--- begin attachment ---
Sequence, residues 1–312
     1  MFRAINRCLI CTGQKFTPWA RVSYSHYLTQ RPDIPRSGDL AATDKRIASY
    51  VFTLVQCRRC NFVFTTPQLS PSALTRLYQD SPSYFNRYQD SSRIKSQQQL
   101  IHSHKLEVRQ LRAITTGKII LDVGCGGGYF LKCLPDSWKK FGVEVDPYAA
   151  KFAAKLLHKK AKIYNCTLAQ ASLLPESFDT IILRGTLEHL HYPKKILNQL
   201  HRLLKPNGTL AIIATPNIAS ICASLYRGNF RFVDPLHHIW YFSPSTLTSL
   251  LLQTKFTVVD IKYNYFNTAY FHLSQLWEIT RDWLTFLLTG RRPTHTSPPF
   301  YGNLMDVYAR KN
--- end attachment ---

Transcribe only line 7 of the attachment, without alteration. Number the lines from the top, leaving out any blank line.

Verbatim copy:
   251  LLQTKFTVVD IKYNYFNTAY FHLSQLWEIT RDWLTFLLTG RRPTHTSPPF